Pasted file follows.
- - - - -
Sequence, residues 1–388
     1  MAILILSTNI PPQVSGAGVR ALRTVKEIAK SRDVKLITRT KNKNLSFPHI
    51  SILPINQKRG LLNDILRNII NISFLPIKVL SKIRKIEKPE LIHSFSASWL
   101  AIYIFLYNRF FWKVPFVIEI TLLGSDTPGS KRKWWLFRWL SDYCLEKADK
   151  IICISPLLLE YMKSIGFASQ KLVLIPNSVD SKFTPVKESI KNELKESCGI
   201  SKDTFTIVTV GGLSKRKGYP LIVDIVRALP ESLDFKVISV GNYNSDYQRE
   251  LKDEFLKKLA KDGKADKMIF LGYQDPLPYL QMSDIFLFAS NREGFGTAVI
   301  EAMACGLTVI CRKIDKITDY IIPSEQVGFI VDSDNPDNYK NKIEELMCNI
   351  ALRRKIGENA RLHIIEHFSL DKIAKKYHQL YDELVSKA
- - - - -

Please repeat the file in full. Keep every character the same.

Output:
Sequence, residues 1–388
     1  MAILILSTNI PPQVSGAGVR ALRTVKEIAK SRDVKLITRT KNKNLSFPHI
    51  SILPINQKRG LLNDILRNII NISFLPIKVL SKIRKIEKPE LIHSFSASWL
   101  AIYIFLYNRF FWKVPFVIEI TLLGSDTPGS KRKWWLFRWL SDYCLEKADK
   151  IICISPLLLE YMKSIGFASQ KLVLIPNSVD SKFTPVKESI KNELKESCGI
   201  SKDTFTIVTV GGLSKRKGYP LIVDIVRALP ESLDFKVISV GNYNSDYQRE
   251  LKDEFLKKLA KDGKADKMIF LGYQDPLPYL QMSDIFLFAS NREGFGTAVI
   301  EAMACGLTVI CRKIDKITDY IIPSEQVGFI VDSDNPDNYK NKIEELMCNI
   351  ALRRKIGENA RLHIIEHFSL DKIAKKYHQL YDELVSKA